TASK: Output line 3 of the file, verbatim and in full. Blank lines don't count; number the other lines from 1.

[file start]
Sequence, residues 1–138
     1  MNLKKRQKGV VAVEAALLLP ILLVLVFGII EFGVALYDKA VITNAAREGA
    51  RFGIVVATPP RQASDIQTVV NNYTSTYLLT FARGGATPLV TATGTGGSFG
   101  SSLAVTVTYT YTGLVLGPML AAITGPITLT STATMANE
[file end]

    51  RFGIVVATPP RQASDIQTVV NNYTSTYLLT FARGGATPLV TATGTGGSFG